Kenya aims to enact law promoting low carbon growth

Although its greenhouse gas emission footprint is miniscule, Kenya’s parliament has decided that it will join the global effort to minimize greenhouse gas emissions and is in the process of enacting a law that will curb the emission of greenhouse gasses.


Thanks to British-based Azuri Technologies, Alexander Muyekhi and his choldren, a construction worker from Ebubayi village, which is in the heart of Vihiga County in Western Kenya, can now reap the benefits of solar lighting and FM radio.

Earlier the family used to be dependent on kerosene lit tin-lamps, which are not only dim but also unhealthy smoke. Many residents of the village though are not as lucky as Alexander Muyekhi and his family since they cannot shell out 1000 shillings, approximately 10 dollars, which is the deposit for the kit.

“Such climate-friendly kits are very important, particularly for the rural poor. But for families who survive on less than a dollar per day, it becomes a tall order for them to pay the required deposit, as well as the weekly instalments,” said Philip Kilonzo, Technical Advisor for Natural Resources & Livelihoods at ActionAid International Kenya.

“Once it [Climate Change Bill] becomes law, we will deliberately use it as a legal instrument to reduce or exempt taxes on such climate-friendly gadgets and on projects that are geared towards low carbon growth,” said Dr Wilbur Ottichilo, Kenyan MP.

It was because of such bottlenecks that Dr Wilbur Ottichilo, who happens to be a  member of parliament for the Emuhaya constituency in Western Kenya, as well as the chair of the Parliamentary Network on Renewable Energy and Climate Change, moved Climate Change Bill in parliament. Thanks to this motion, various issues have come forth and have been discussed. Subject to public scrutiny before becoming law.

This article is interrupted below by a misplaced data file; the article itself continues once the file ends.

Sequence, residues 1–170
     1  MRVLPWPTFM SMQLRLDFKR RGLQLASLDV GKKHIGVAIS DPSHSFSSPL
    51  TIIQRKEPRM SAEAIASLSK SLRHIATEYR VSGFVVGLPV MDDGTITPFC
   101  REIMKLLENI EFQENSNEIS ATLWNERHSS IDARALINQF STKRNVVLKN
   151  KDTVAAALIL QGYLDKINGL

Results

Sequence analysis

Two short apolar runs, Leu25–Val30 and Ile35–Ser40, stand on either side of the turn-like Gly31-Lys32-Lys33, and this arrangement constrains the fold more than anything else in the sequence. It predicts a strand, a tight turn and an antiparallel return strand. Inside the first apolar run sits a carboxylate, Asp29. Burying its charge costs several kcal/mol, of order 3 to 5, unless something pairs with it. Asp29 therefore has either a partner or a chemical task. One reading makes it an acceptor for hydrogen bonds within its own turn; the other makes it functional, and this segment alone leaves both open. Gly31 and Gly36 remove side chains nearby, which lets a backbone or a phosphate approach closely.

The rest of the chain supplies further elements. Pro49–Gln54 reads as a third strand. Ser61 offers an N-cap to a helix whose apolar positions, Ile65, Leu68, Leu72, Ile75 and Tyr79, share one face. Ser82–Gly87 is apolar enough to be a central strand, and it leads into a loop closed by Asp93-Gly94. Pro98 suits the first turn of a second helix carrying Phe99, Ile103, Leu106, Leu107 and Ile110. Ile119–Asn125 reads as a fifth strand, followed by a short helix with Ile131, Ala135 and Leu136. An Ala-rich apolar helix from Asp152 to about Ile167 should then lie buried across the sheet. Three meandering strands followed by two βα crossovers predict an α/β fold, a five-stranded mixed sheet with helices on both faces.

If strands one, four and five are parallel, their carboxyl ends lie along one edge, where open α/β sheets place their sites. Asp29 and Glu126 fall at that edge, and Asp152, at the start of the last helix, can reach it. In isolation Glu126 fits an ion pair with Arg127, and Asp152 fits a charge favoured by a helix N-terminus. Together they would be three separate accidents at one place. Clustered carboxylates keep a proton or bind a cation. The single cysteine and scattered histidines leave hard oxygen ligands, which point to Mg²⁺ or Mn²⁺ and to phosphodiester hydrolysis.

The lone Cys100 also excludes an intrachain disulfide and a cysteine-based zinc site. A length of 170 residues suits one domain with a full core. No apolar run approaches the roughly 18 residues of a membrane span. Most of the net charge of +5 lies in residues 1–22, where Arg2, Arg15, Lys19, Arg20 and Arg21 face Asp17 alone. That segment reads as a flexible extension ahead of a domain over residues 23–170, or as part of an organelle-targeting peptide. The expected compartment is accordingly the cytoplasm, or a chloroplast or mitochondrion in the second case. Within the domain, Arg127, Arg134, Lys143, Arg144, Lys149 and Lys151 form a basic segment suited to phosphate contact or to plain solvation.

“Once it becomes law, we will deliberately use it as a legal instrument to reduce or exempt taxes on such climate-friendly gadgets and on projects that are geared towards low carbon growth,” said Ottichilo.

Kenya’s contribution to global greenhouse gas emission is significantly low. It has however taken on bold measures to further reduce its greenhouse gas footprint by drafting a National Climate Change Framework Policy, through which it aims to bring about a significant number of developments which will positively impact its emission levels.

It is increasingly partnering with developed countries so as to maximise its geothermal potentials in the energy sector. It is also making rapid progress in its transportation sector, agroforestry and the agricultural sector.

“With a legal framework in place, it will be possible to increase such projects that are geared towards mitigating and adapting to the impacts of climate change,” said Ottichilo.

“We received the Bill from the National Assembly towards the end of March, we studied it for possible amendments, and we subjected it to public scrutiny as required by the constitution before it was read in the senate for the second time on Jul. 22, 2015,” said Ekwee Ethuro, Speaker of the Senate.

“After this, we are going to return it to the National Assembly so that it can be forwarded to the president for signing it into law.”

This bill however was first rejected by its former President, Mwai Kibaki on the grounds that there had been a lack of public involvement in its creation. That is why, “We are very careful this time not to repeat the same mistake,” explained Ethuro.

As per law, a National Climate Change Council is to be set up which, among other things, will coordinate the formulation of multi-level action plans, including at the national and county levels. It will formulate strategies as well as policies and make them available to the public.

“This law is a very important tool for civil society and all other players because it will give us an opportunity to manage and even fund-raise for climate change adaptation and mitigation projects,” said, John Kioli, chair of the Kenya Climate Change Working Group (KCCWG).

Climate change in Kenya is already happening, the country is experiencing prolonged droughts, landslides, floods, unreliable rainfall patterns, and many such effects which experts say will worsen with time. To make the situation even worse, 83% of Kenya’s landmass is either arid or semi-arid. This makes it even more vulnerable to climate change.

“We seek to embrace climate-friendly food production systems such as use of greenhouses, we need to minimise post-harvest losses and food wastages, and we need to adapt to new climate friendly technologies. All these will work very well for us once we have a supporting legal environment,” ” said Ottichilo.


Categories: Sustainability

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